Climate Change in Vietnam
Climate change and climate change adaptation
Climate Change Adaptation
Developing countries suffer the most from negative climate change impacts, yet they bear the least responsibility for the adverse effects.
International climate policy, grounded in the UNFCCC, recognises this discrepancy. Within the UNFCCC process, the international community has now negotiated a post-2020 agreement. The parties to the Convention have set the goal of keeping global warming well below 2 °C relative to the pre-industrial level. This calls for major efforts worldwide to reduce greenhouse gas emissions and maintain carbon sinks. Yet even if the 2 °C target is met, climate change will have inescapable effects. Adapting to change is therefore vital to achieving sustainable development (GIZ).
The IPCC has defined adaptation as being the process of adjustment to both actual and expected climate and its impacts, with adaptation seeking to moderate or avoid harm or exploit beneficial opportunities in human systems. In short, governments, other institutions and communities take various measures and initiatives to adapt to climate change impacts and as such, reduce vulnerabilities of both human and natural systems. Just like climate change, adaptation is
complex and additionally country- and context-specific, with limitations to its effectiveness. However, it can reduce climate change risks and vulnerabilities, and contribute to current and future populations’ well-being, including securing assets and maintenance of ecosystem goods, functions and services.
Building resilience to climate change constitutes a principal way to deal with the world wide impacts of a changing
climate. Climate Change Adaptation (CCA) involves taking practical actions to manage risks from climate impacts, protect communities and strengthen the resilience of the economy. For that, it is needed to anticipate the adverse effects of climate change and to take appropriate action to fully prevent or at least minimize these negative impacts.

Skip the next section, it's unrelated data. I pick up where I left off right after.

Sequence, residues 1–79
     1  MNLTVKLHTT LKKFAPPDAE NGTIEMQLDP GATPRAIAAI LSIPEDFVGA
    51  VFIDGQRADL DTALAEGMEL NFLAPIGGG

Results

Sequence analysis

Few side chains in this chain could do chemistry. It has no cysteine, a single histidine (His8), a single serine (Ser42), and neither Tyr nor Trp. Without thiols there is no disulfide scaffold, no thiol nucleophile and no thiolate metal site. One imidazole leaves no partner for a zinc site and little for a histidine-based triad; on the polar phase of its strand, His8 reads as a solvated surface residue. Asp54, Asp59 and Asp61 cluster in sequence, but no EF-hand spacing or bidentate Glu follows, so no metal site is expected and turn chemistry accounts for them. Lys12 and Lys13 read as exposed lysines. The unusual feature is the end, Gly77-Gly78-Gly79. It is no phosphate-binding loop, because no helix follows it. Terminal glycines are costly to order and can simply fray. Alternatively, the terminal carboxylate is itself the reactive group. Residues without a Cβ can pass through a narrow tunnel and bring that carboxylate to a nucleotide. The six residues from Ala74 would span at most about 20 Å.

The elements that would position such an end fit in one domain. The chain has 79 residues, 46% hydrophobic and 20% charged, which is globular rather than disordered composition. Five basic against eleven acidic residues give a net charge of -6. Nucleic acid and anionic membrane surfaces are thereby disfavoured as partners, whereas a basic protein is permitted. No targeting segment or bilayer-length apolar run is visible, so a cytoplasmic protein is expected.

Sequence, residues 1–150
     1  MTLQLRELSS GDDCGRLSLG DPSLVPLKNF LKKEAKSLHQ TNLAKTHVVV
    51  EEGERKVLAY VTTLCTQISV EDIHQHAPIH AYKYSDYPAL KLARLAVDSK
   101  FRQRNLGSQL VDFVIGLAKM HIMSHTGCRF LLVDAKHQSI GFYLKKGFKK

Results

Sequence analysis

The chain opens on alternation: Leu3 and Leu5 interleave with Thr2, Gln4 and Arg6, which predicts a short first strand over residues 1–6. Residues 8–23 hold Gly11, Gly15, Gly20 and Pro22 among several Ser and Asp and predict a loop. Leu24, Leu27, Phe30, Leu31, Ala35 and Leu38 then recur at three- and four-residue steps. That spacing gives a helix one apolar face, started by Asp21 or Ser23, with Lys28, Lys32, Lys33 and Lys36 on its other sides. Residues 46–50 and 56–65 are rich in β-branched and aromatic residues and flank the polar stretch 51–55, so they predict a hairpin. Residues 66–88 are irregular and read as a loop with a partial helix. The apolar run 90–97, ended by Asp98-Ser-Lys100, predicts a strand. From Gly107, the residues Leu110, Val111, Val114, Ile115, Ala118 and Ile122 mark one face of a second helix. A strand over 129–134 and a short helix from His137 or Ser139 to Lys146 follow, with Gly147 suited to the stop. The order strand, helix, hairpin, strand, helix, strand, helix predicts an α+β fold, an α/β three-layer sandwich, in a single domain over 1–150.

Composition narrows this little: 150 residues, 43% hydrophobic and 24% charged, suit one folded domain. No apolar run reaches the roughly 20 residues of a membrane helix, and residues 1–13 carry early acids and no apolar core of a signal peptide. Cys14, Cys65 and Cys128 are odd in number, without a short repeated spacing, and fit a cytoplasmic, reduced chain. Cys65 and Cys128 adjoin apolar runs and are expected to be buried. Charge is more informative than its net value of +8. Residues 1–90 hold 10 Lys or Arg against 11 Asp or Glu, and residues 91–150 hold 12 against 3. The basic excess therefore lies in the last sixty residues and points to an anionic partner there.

Objectives of Integrated Climate Change Adaptation
For adaptation strategies to be effective and to be able to reduce risks, they must take climate change-related information, socio-economic processes and
sustainable development into account (IPCC). In adaptive capacity, social and economic development plays an important role, often times also hampering societies’ capacity to adapt to climate change due to its unequal distribution across and within these societies.
Natural and man-made capital assets, social networks, technology, health, governance, development policy, human capital and institutions, and multiple climate and non-climate stresses have an influence on adaptive capacity.
Financial, technological, political, social, institutional and cultural constraints may often times limit the implementation and effectiveness of adaptation measures (IPCC). Adaptation to climate change means:
-to promote the resilience of livelihoods;
-to reduce the impacts of natural disasters such as storms and floods on vulnerable people and ecosystems;
-to build the capacity of civil society and government institutions to support integrated approaches to adaptation;
-to increase awareness of the underlying causes of vulnerability (degraded ecosystems, poor governance, unequal access to resources and services, discrimination and other social injustices);
-to promote the sustainable management and conservation of biodiversity to maintain the benefits provided by ecosystems (e.g. provision of food and shelter).